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The World Cookbook for Students(5 Vol)[Sugg'td Downl'd TSG]

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Name:The World Cookbook for Students(5 Vol)[Sugg'td Downl'd TSG]

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The World Cookbook for Students (Five Volumes)

****Suggested Ebook Download****** For All Cooking Ebook Collectors*******
For More info Read Editorial Reviews and Info On Amazon[dot]com

Author(s): Jeanne Jacob & Michael Ashkenzai
Publisher: Greenwood Press
Date : 2006-11-30
Pages : 1312
Format : PDF
OCR : N.A.
Quality : Excellent
Language : English
ISBN-10 : 0313334544
ISBN-13 : 978-0313334542


Uploaded By TheSoftwareGuru a.k.a TSG


Book Info On Amazon

Editorial Reviews

From School Library Journal
Grade 7 UpùThis set aims "to introduce readers, in particular U.S. students, to contemporary foodstuffs, ways of eating, and typical cookery in almost every country in the world." It includes 198 alphabetically listed nation-states and "nationalities without states." Each one is shown on a map, and its history, geography, and ethnic or religious makeup is briefly introduced. An average of five or six recipes is provided per entry, with exceptions for the largest and smallest nations. When a recipe includes ingredients not available in the U.S., substitutions are suggested. A secondary objective is to allow students to compare dishes, such as yogurt, rice, and pasta, which are common in various countries. Sidebars offering information on topics like the African staple manioc porridge, and pen-and-ink illustrations of unusual foodstuffs, dot the text. Each volume has its own table of contents. The first volume includes lists of countries and regions and recipes by region and a brief glossary. A comprehensive set index concludes each volume. While the dishes are not especially complicated to make, they do assume familiarity with basic cooking techniques. The only safety advisory pertains to handling fresh chili peppers. However, the choices are appropriate and are accurately described, and the background material is reliable. This is a useful resource for multidisciplinary studies involving the social sciences, language arts, and consumer education, as well as general interest. Bon appetit!ùJoyce Adams Burner, Hillcrest Library, Prairie Village, KS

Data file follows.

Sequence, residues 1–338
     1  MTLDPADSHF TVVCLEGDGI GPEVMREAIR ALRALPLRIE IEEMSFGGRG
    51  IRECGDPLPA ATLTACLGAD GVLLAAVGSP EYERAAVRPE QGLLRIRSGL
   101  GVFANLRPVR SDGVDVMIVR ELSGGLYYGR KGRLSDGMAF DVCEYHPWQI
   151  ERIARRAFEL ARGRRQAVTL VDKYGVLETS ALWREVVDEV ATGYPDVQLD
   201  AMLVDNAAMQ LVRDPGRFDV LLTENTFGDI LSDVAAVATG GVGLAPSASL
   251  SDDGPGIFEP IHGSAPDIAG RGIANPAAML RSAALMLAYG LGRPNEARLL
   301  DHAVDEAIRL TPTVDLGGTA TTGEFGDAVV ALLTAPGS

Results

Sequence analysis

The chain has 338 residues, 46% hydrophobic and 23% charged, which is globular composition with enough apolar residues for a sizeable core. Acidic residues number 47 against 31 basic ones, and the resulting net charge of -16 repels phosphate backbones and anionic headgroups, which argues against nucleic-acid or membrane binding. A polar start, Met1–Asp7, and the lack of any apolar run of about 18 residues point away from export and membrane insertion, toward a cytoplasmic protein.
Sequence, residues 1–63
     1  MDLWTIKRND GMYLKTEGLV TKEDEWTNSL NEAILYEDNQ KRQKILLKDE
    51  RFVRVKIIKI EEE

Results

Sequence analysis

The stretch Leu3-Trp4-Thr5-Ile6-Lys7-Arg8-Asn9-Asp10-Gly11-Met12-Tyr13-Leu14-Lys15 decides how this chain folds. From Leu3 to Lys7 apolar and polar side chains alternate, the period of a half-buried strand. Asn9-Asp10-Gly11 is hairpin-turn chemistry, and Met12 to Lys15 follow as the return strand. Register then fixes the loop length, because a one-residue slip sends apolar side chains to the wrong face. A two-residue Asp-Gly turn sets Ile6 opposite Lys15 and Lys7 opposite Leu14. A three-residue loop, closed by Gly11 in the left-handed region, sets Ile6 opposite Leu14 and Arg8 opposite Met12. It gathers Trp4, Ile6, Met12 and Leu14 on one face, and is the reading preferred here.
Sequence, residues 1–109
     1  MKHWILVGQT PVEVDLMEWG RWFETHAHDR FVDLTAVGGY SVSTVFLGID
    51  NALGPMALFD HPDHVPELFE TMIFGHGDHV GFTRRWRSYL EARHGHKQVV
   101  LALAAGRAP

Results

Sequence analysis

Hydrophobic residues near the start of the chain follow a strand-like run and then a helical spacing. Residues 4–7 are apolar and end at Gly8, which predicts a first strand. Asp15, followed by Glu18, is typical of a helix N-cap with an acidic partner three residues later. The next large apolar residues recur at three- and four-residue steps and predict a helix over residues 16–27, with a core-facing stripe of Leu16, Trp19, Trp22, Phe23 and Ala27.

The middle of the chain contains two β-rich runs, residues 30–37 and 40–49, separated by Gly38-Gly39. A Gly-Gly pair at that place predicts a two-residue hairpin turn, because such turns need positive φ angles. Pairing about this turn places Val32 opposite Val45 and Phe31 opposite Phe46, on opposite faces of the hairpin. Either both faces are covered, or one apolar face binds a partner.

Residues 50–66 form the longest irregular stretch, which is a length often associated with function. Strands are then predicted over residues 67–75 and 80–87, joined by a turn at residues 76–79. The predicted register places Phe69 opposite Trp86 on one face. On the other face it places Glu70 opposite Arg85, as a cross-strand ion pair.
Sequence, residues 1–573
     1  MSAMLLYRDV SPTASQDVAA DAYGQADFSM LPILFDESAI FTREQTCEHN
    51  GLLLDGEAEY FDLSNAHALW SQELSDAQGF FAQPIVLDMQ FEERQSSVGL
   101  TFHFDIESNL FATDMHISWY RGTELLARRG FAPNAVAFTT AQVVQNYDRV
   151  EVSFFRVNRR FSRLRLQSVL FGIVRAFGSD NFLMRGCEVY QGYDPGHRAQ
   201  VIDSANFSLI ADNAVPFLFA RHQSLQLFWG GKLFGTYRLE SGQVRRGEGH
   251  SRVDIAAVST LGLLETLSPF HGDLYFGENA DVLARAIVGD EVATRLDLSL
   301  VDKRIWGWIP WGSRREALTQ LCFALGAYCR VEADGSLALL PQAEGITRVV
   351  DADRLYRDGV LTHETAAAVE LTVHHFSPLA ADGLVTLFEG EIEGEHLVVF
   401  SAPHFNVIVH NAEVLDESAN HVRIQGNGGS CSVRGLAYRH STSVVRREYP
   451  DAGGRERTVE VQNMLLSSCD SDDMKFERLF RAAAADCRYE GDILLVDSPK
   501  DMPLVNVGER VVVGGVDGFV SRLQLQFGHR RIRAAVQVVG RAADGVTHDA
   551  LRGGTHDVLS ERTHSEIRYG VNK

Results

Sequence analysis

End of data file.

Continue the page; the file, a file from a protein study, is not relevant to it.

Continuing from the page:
Copyright ? Reed Business Information, a division of Reed Elsevier Inc. All rights reserved.

From Booklist